The head of the International Monetary Fund is upbeat as spring finance meetings in Washington come to a close, with more money for the lending agency to help struggling governments, especially in Europe.
IMF managing director Christine Lagarde said the big development of the meetings was the combined $430 billion pledge in additional resources from different countries. "It is nice to have a big umbrella or a big firewall however you want to call it," she said.
The amount nearly doubles the agency's reserves available for emergency loans to almost $1 trillion.
She agreed with the characterization of a so-called "Washington moment" in terms of trying to avoid another financial crisis. "Washington moment? Yes, the spirit, the momentum, the dynamic that was created in the course of this meeting," she said.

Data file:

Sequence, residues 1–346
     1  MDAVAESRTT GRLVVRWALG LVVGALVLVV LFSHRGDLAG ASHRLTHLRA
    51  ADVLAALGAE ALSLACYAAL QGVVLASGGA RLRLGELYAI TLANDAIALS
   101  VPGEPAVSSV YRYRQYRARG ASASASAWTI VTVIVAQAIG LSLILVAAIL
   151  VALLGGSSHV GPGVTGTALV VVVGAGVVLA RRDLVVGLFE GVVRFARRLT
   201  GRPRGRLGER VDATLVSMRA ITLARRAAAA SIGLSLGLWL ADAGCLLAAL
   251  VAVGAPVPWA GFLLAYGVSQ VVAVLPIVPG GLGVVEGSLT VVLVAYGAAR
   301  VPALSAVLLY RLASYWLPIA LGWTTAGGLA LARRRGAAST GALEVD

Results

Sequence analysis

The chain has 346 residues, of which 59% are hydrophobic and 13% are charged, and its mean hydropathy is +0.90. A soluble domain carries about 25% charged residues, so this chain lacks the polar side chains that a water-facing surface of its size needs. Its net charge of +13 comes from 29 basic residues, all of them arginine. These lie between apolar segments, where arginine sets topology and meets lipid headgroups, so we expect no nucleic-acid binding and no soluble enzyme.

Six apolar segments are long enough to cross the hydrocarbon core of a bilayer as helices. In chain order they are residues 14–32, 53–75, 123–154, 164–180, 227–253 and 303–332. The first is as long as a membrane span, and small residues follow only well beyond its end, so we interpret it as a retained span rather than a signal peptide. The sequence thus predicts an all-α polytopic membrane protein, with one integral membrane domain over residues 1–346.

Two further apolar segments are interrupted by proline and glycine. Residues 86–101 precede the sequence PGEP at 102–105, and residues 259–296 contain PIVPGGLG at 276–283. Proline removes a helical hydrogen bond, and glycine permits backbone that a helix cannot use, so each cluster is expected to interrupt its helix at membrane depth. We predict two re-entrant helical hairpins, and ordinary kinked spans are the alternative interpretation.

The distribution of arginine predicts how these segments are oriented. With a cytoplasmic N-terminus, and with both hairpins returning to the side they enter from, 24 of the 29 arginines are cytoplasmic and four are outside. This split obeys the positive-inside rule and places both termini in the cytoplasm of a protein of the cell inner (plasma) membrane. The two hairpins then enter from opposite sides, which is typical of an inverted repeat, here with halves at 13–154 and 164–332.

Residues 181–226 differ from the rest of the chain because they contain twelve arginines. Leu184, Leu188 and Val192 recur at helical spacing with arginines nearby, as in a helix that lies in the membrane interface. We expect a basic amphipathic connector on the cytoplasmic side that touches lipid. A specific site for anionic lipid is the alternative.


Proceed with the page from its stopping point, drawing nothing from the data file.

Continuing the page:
The 188-nation IMF has provided about $300 billion in emergency loans since a global financial crisis hit in 2007, including the largest program in the fund's history for still struggling Greece.
Another European economy, which is much bigger, Spain, is currently facing recession, soaring debt and steadily falling property prices.
Lagarde urged deficit-saddled governments to speed reforms and said the IMF must continually improve its economic surveillance mechanisms to act before it is too late.